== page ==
Introduction to Resting-State Functional Connectivity Analysis: You Can Do It! (Maybe)

A while ago I promised to provide a series of tutorials on resting-state connectivity, and I'm happy to announce the first part after a brief delay of, give or take, fourteen months. But in my defense, I wanted to wait until I had everything well prepared and ready to go, by which I mean until I had a new suit, which, obviously, is a critical part of the education process.

For this series, in order to follow along I recommend downloading resting-state data from the ABIDE website, which collects resting-state data from autistic subjects and controls. The end result will be a simple comparison of resting-state networks across both populations, which, although the interpretation of such results has a large farrago of its own issues, should provide a solid platform from which to launch your own resting-state analyses. We will be using AFNI for this demonstration, although in the future I may include an identical analysis using FSL.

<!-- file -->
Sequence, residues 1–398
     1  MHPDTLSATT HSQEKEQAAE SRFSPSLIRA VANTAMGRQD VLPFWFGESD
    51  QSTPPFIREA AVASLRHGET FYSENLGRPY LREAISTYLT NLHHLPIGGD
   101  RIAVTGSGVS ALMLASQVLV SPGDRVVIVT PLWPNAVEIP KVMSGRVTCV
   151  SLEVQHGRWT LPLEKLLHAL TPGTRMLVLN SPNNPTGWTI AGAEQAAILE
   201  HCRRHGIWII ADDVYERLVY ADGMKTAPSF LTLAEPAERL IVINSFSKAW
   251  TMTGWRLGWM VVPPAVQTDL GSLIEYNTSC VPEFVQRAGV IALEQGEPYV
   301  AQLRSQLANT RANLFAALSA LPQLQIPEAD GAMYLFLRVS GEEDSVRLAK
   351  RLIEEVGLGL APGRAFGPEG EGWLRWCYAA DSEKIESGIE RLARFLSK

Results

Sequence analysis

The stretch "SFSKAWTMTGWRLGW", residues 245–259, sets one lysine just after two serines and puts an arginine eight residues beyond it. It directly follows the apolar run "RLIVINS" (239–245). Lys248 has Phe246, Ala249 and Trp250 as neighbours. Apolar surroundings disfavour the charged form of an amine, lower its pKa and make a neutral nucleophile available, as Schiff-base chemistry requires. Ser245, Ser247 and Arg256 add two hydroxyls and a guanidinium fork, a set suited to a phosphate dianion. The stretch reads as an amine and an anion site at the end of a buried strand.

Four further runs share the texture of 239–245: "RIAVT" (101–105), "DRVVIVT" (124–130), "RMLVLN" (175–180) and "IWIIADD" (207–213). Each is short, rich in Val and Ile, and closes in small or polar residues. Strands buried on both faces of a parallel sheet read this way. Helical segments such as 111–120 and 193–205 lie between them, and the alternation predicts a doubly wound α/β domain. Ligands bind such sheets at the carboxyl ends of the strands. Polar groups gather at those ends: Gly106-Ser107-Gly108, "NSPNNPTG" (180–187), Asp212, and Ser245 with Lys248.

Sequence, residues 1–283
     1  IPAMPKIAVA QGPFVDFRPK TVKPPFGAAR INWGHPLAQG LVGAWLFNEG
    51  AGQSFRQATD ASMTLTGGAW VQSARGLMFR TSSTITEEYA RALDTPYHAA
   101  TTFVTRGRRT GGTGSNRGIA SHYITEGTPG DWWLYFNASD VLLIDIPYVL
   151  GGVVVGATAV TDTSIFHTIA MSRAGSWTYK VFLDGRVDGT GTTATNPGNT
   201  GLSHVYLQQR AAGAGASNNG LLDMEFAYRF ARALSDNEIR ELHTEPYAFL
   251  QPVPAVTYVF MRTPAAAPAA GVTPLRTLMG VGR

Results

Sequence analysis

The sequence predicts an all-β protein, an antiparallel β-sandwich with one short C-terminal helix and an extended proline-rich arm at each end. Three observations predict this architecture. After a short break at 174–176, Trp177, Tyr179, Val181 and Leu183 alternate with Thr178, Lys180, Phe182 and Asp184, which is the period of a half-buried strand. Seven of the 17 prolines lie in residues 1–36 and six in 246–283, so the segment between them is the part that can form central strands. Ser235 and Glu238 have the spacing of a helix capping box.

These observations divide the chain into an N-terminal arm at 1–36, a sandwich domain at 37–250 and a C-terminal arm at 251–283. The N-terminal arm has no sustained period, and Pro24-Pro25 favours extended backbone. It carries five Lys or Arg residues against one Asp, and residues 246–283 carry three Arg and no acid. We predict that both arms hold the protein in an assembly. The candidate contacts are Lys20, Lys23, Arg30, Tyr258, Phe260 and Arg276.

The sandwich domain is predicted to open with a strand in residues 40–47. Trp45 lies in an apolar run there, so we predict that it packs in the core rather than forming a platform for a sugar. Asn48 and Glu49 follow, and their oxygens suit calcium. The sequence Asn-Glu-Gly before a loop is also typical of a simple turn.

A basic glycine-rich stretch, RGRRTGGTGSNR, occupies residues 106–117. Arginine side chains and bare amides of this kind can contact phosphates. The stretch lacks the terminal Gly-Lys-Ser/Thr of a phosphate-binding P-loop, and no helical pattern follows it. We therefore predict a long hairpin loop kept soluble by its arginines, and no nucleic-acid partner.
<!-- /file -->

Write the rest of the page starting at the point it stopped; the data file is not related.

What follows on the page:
First, you need to jump through the usual administrative hoops in order to download the dataset. This involves a simple series of steps, such as registering as a member, filling out a form with your username and password, and immolating a virginal undergraduate RA. The resulting aroma will summon the resting-state data, which can then be downloaded to your computer.

First, register at the NITRC website:
Two, request access from the following link:
Last, go to the ABIDE website and download a resting-state dataset (I am using data from the Kennedy Krieger Institute):

As for finding and sacrificing the virginal undergraduate RA, you're on your own.